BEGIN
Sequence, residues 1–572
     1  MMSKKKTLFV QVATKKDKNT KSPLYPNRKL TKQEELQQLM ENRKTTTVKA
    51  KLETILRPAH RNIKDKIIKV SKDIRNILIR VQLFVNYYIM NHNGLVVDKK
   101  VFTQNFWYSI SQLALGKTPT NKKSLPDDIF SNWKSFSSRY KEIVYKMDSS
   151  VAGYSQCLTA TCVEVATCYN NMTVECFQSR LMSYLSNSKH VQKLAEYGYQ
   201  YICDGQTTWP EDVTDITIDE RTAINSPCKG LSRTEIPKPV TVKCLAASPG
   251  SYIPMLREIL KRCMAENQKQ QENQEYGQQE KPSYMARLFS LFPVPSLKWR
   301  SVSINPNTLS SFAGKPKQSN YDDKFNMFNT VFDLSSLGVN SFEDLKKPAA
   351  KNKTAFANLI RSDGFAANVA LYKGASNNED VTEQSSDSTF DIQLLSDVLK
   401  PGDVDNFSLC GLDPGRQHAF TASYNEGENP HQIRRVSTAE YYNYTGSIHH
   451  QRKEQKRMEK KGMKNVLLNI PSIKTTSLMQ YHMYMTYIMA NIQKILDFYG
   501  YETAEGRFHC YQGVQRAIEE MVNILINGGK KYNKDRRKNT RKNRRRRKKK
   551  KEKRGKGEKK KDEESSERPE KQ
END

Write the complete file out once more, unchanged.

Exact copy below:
Sequence, residues 1–572
     1  MMSKKKTLFV QVATKKDKNT KSPLYPNRKL TKQEELQQLM ENRKTTTVKA
    51  KLETILRPAH RNIKDKIIKV SKDIRNILIR VQLFVNYYIM NHNGLVVDKK
   101  VFTQNFWYSI SQLALGKTPT NKKSLPDDIF SNWKSFSSRY KEIVYKMDSS
   151  VAGYSQCLTA TCVEVATCYN NMTVECFQSR LMSYLSNSKH VQKLAEYGYQ
   201  YICDGQTTWP EDVTDITIDE RTAINSPCKG LSRTEIPKPV TVKCLAASPG
   251  SYIPMLREIL KRCMAENQKQ QENQEYGQQE KPSYMARLFS LFPVPSLKWR
   301  SVSINPNTLS SFAGKPKQSN YDDKFNMFNT VFDLSSLGVN SFEDLKKPAA
   351  KNKTAFANLI RSDGFAANVA LYKGASNNED VTEQSSDSTF DIQLLSDVLK
   401  PGDVDNFSLC GLDPGRQHAF TASYNEGENP HQIRRVSTAE YYNYTGSIHH
   451  QRKEQKRMEK KGMKNVLLNI PSIKTTSLMQ YHMYMTYIMA NIQKILDFYG
   501  YETAEGRFHC YQGVQRAIEE MVNILINGGK KYNKDRRKNT RKNRRRRKKK
   551  KEKRGKGEKK KDEESSERPE KQ